Pablo Fernández Álvarez - Gulf of Fonseca

Punta San José (Nicaragua) to Meanguera del Golfo Island (El Salvador)

15.2 km (9.4 miles)

6 hours, 20 minutes on 25 January 2019

Observed and documented by Moises Osorto

First swim from Nicaragua to El Salvador



Support Personnel

  • Cristóbal Mauricio Lagos - pilot
  • Erick Inestroza - cameraman
  • Osman Guerra - crew
  • Moises Osorto, president of Fonseca Gulf Fisherman Association - observer

Escort Vessel: Mi Marleni (Guapinol)

Swim Parameters

  • Category: Solo, nonstop, unassisted.
  • Rules: MSF Rules of Marathon Swimming, without exception or modification.
  • Equipment used: Swim cap, goggles, swim shorts.

Route Definition

  • Body of Water: Gulf of Fonseca
  • Route Type: one-way
  • Start Location: Punta San José (Nicaragua) (13.09086, -87.5768)
  • Finish Location: Meanguera del Golfo Island (El Salvador) (13.16548, -87.72205)
  • Minimum Repeatable Route Distance: 15.2 km (9.4 miles) - shortest path to Meanguera del Golfo Island
    • Straight-line path to actual finish location: 17.9 km

Swim Data

  • Start: 25 January 2019, 06:45 (America/Managua, UTC-6).
  • Finish: 25 January 2019, 13:05
  • Elapsed: 6 hours, 20 minutes.

Summary of Conditions

Feature Min Max
Water Temp (C) 28 28
Air Temp (C) 26 32
Wind (knots) 3 6

GPS Track

Download raw data (CSV).

Speed Plot

Nutrition: Gel, 500ml water, banana every 45 minutes

Observer Log

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Planning this swim was not an easy task. I first got in contact with Honduras’ Swimming Federation early November 2018, and started to talk with them to get the necessary permissions. Their secretary at the moment, Mr. Christian Serafeim, assisted me during that time and after a thoroughly investigation, I got in contact with the World Forum of Fishermen People’s co-president and also Fonseca’s Gulf Fishermen Association President, Mr. Moisés Osorto who was eager to help by providing not only support boats but by sharing important information on currents, tides and weather of the gulf. In that time, I also got in contact with Professor Steve Dunbar, teacher of Loma Linda University and biologist specialized in Fonseca’s Gulf waters, he provided me with useful information about marine life there. In mid-December Honduras’ Swimming Federation board changed and in that sense, Mr. Christian was no longer part of it. Getting in contact with the new board was somehow difficult as I only had an email address and answers were took time. At the end, even though I had their support and willingness to assist in this swim, due to their new entrance they could not be in the swim but helped me contact Nicaragua and El Salvador Swimming Federation Presidents’ to organize logistic and permissions. Mr. Moises Osorto kindly assisted me by personally requesting the necessary permissions in each country in order to have everything by the local laws. I arrived in Honduras two days before the planned day and had a meeting with the team that was going to assist in the swim. The night before the swim, plans were reviewed and a time was set to what was a successful crossing.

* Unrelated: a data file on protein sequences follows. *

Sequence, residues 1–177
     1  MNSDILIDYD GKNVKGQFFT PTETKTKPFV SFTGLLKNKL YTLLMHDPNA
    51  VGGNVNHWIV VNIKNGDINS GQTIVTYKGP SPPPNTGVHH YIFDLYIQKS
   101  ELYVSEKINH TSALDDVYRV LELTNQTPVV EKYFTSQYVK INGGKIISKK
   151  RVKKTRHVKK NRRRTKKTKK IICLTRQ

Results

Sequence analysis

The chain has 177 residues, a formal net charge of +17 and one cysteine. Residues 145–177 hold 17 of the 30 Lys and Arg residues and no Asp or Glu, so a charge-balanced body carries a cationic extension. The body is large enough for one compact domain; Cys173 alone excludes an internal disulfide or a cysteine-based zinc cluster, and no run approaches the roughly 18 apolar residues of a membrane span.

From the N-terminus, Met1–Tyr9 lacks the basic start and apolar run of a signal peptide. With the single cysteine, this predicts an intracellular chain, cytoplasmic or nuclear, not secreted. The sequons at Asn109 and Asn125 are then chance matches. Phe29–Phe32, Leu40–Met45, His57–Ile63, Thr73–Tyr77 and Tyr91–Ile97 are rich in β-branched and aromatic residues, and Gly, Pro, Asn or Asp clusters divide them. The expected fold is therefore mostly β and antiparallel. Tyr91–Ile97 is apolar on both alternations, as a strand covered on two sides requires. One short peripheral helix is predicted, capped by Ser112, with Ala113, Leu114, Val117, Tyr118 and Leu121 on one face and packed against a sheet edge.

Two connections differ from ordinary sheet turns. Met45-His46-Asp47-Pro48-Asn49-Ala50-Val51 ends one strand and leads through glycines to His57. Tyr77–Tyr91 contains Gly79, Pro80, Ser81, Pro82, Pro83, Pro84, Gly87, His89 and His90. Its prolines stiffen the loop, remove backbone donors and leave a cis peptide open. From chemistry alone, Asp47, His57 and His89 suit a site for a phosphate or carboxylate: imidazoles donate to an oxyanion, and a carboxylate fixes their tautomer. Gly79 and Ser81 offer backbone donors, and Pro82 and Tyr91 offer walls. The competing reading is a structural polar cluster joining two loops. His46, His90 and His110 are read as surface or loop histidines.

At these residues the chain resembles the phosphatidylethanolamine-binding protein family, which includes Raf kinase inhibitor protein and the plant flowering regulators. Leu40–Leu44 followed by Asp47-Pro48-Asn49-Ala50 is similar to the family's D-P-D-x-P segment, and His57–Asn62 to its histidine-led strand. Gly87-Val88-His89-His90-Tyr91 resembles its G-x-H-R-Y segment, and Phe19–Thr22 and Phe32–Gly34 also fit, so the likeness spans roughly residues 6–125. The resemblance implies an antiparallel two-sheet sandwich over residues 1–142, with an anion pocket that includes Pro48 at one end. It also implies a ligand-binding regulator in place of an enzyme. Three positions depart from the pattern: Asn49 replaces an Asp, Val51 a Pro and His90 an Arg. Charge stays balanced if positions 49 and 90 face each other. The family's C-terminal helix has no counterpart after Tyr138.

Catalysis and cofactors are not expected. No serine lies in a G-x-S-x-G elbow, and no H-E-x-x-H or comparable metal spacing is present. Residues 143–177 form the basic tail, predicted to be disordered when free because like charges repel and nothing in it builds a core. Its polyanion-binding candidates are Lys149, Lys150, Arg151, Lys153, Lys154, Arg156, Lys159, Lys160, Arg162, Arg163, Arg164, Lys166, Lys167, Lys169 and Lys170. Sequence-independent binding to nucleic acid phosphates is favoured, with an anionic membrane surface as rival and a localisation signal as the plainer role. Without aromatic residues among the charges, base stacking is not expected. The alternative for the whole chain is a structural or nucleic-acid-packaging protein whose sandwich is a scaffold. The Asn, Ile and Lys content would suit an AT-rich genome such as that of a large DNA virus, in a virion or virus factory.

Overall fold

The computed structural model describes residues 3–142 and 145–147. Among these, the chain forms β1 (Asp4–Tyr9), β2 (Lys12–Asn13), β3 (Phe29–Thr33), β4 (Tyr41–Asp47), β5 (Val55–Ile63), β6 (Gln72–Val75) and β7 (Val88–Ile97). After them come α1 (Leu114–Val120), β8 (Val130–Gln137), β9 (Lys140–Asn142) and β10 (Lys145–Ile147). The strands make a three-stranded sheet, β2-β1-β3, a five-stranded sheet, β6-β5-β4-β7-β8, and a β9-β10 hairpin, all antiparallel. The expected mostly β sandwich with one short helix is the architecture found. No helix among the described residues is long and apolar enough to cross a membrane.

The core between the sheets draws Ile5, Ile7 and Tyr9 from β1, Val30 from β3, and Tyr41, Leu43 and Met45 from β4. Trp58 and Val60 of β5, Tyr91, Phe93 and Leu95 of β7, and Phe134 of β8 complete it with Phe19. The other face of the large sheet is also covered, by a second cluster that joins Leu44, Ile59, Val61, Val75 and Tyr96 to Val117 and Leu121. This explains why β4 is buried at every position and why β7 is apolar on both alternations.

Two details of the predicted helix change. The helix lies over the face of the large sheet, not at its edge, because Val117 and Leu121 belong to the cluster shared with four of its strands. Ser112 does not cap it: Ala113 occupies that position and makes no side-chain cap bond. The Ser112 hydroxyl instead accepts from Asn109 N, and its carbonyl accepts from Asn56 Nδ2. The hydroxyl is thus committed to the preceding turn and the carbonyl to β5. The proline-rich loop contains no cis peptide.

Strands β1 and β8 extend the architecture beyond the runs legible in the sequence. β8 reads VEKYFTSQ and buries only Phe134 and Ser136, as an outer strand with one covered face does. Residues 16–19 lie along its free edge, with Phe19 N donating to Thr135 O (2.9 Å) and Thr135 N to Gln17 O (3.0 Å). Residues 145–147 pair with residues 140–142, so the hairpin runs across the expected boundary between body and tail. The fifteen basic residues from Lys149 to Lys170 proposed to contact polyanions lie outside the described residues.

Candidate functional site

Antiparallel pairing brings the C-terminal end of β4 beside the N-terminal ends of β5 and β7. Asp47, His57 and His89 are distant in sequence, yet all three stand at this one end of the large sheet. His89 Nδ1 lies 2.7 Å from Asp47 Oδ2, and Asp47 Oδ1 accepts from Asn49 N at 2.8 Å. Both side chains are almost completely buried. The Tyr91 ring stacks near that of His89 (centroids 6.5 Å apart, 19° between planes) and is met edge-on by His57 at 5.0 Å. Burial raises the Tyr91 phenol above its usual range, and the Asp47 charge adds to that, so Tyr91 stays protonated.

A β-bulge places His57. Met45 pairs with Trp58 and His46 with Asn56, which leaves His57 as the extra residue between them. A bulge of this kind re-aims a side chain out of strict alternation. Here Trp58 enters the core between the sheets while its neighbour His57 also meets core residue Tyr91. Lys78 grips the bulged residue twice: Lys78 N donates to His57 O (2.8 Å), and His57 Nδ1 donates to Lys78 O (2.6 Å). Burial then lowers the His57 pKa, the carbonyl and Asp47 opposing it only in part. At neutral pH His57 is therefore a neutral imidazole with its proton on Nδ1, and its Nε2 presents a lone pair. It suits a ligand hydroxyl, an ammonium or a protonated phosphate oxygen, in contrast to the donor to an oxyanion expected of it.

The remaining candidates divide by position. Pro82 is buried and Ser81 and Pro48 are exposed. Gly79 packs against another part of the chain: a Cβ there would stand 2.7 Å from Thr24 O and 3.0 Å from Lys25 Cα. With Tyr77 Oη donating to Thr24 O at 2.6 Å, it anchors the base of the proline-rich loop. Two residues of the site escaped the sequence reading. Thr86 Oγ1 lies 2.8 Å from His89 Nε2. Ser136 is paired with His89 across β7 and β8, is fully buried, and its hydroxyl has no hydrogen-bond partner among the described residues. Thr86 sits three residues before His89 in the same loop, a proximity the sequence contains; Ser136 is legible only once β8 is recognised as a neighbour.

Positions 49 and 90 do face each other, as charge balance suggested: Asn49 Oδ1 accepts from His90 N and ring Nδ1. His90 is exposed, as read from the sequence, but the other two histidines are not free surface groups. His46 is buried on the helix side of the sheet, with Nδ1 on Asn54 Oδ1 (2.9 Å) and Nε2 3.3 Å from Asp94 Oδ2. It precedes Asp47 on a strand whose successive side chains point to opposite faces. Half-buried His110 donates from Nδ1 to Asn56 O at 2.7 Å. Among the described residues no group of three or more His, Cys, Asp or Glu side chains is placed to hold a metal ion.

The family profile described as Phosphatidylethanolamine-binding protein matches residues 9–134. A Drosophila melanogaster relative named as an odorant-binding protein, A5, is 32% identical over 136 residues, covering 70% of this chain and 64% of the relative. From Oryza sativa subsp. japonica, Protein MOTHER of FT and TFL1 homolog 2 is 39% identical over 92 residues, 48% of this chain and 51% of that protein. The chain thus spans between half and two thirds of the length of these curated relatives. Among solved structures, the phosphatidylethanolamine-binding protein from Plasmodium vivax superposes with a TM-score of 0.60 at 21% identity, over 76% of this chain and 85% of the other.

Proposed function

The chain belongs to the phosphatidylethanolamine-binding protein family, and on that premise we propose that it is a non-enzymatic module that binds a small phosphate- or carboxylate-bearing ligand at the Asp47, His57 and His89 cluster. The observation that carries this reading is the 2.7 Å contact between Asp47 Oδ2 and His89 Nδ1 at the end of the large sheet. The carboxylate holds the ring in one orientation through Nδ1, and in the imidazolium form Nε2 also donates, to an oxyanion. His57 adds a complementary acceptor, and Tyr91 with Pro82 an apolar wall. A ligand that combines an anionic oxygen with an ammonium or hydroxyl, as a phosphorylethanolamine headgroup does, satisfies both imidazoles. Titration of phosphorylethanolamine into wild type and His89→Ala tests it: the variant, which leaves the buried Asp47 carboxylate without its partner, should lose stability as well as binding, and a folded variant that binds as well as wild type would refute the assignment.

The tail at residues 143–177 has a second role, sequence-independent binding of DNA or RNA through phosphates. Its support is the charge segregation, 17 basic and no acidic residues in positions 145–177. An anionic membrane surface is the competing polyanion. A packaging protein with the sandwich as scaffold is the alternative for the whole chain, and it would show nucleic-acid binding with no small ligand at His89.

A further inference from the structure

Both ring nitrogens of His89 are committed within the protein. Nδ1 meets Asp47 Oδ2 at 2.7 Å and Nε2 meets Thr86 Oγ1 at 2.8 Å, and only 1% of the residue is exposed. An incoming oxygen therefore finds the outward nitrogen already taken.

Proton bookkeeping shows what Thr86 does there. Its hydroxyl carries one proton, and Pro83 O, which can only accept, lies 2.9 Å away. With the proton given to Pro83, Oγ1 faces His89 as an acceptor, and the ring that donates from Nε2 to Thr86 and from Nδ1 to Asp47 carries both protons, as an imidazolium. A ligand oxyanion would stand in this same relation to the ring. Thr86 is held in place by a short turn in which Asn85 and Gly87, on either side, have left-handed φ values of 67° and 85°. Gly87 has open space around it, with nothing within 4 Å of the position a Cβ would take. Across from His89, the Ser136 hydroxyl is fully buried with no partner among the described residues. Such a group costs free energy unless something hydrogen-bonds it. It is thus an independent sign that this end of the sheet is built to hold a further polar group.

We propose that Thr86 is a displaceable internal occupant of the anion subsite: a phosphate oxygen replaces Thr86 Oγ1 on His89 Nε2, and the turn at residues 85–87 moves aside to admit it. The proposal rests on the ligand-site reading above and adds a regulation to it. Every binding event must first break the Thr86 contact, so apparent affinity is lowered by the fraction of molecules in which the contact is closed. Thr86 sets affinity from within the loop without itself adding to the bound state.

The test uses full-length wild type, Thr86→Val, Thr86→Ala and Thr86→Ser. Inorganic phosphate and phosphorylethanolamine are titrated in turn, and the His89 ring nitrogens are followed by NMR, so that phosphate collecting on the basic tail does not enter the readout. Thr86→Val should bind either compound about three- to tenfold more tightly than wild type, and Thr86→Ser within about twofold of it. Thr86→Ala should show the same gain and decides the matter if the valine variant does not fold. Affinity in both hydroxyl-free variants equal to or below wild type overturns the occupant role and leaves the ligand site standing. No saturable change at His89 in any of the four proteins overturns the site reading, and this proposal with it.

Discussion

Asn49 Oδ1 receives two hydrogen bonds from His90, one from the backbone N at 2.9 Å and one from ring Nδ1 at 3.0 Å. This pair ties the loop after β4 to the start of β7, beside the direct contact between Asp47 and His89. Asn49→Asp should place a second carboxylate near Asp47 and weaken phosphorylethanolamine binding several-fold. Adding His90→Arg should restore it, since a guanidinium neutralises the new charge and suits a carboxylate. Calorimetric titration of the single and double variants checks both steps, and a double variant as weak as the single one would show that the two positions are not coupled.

What inspired you to do this swim?

Being born in one of the poorest neighborhoods of Madrid, I was able to experience firsthand the problems of modern era. Thankfully, growing up I had the opportunity to study and successfully develop my own business but knowing my roots, when I had the chance I decided I wanted to help those who are actually living the same as I did and at the same time give something back to society. Being swimming my preferred sport and hobby, I decided to use it as my vessel to help; and in that sense, I started a project that consisted in doing charitable swims around the world with the objective of donating money to local charities, in case the challenge was carried on successfully. After an exhaustive research, I felt inspired by a local NGO, with little to none resources, that is dedicated to help children with mental illnesses. My last swim in Gambia had only helped to reaffirm my beliefs in my project, and due to the current conditions that El Salvador, Honduras and specifically Nicaragua are facing, I knew help was needed, so choosing my next swim was easy. After all what more inspiration would I need to do what I loved where I knew I could really make an impact?

How did the swim go, generally? Did you face any unanticipated challenges?

In general, the swim went as planned, the necessary permissions were shown to the local authorities and without problem we were able to leave the port, the weather played in my favor and the sea was calm. We weren’t expecting strong currents because having analyzed it the days before, we knew it was supposed to be calm, but near Meanguera Island, I faced a strong current that pushed me towards the Pacific Ocean making me push harder to turn right and finally reach the Island.


Click to enlarge.